Five Unmissable Marlene Dietrich Films

Five Unmissable Marlene Dietrich Films

The joy of programming a season of Marlene Dietrich films is that she’s wonderful in everything – she had such electric charisma. But I had to whittle my list of favorite Dietrich performances down to just a few key films for the season. Because while you’ll never go wrong with a Dietrich movie, some of her roles are simply unmissable. Here are a few highlights from the BFI Southbank season, Marlene Dietrich: Falling in Love Again, which opens in December 2020.


1) The Blue Angel (1930)

The Blue Angel Marlene Dietrich

This is the film that made Marlene Dietrich an international star, an early talkie directed by the man who would become her most important collaborator, Josef von Sternberg. Dietrich plays Lola Lola, the captivating cabaret singer with legs to die for, who enthralls Emil Jannings’ weak schoolteacher. It’s a compelling story of sex, obsession and life’s cruelty, adapted from the novel Professor Unrat by Heinrich Mann. Almost every character Dietrich ever played has a touch of Lola.


2) Shanghai Express (1932)

Shanghai Express Marlene Dietrich Clive Brook

Dietrich’s fourth film with Von Sternberg and their third in Hollywood. She plays the notorious Shanghai Lily (“The notorious white flower of China. You heard of me, and you always believed what you heard”), who boards a train across China with her companion Hui Fei, played by Anna May Wong. Clive Brook plays the handsome face from her past who stirs up a lake of romantic regret. Dietrich is perfectly lit by Von Sternberg and cinematographer Lee Garmes, and decadently dressed by Travis Banton – every image of her in this film is indecently sublime.


3) Destry Rides Again (1939)

Destry Rides Again James Stewart Marlene Dietrich

In which the divine love goddess reveals her human side. Playing saloon singer Frenchy in this boisterous comedy western opposite James Stewart (as the fastidious Destry) gave Dietrich the comeback role she needed after being labelled “box-office poison” in the late 1930s. She sings (‘See What the Boys in the Back Room Will have’), she flirts, and she even indulges in an epic bar-room brawl. In doing so, Dietrich unlocked an ability to gently spoof her own carefully constructed persona, while still retaining the glamorous allure her fans adored.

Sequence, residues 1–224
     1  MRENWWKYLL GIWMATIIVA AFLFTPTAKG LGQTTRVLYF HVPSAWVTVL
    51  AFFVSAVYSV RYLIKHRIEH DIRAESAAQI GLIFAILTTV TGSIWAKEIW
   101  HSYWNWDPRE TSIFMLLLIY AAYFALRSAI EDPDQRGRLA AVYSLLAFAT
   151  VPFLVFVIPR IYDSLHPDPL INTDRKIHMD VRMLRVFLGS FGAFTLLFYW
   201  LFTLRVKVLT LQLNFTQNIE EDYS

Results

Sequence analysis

4) A Foreign Affair (1948)

Foreign Affair Jean Arthur John Lund Marlene Dietrich

Dietrich had spent the war years raising funds for the US war effort by selling war bonds, raising the morale of Allied troops in her USO tours and dishing out hot dinners in the Hollywood Canteen. In this bittersweet comedy by Billy Wilder, she returns to her native Berlin to play a cabaret singer suspected of having Nazi connections. The film is a kind of Ninotchka in reverse, as Dietrich’s imperious Erika loosens the collar of Jean Arthur’s uptight US Congresswoman. And don’t miss Dietrich’s spine-tingling performance of the song ‘Illusions’.


5) Witness for the Prosecution (1957)

Witness for the Prosecution Marlene Dietrich Charles Laughton

The first time I saw Dietrich on screen must have been watching this Agatha Christie adaptation on TV as a child, and it’s a role that is impossible to forget. This film was Christie’s favorite screen adaptation of her work, and director Wilder kept the surprise ending a secret even from most of the cast. A challenge, certainly for a star whose face and voice were her fortune, but Dietrich rose to it. So much so that she was devastated not to receive as Oscar nomination for this magnificent performance.


— Pamela Hutchinson for Classic Movie Hub

An Exclusive Offer especially for Classic Movie Hub fans in the UK – when ordering movie tickets for the Marlene Dietrich: Falling in Love Again event, use coupon code DIETRICH to purchase your movie ticket for just £8.20.

The BFI is the UK’s lead organization for film, television and the moving image. This December, BFI Southbank celebrates one of the screen’s most enduring icons with a new season Marlene Dietrich: Falling in Love Again, programmed by film critic and writer Pamela Hutchinson. You can follow British Film Institute on twitter at @BFI.

Photos courtesy of BFI.

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2 Responses to Five Unmissable Marlene Dietrich Films

  1. Hi there, you picture selection got an bad error. you show Marlene in Paramount’s Picture “Angel” 1937 and not in the mentioned UFA “The Blue Angel” Der Blaue Engel 1929/30 which was way earlier ..
    Greetings from Germany

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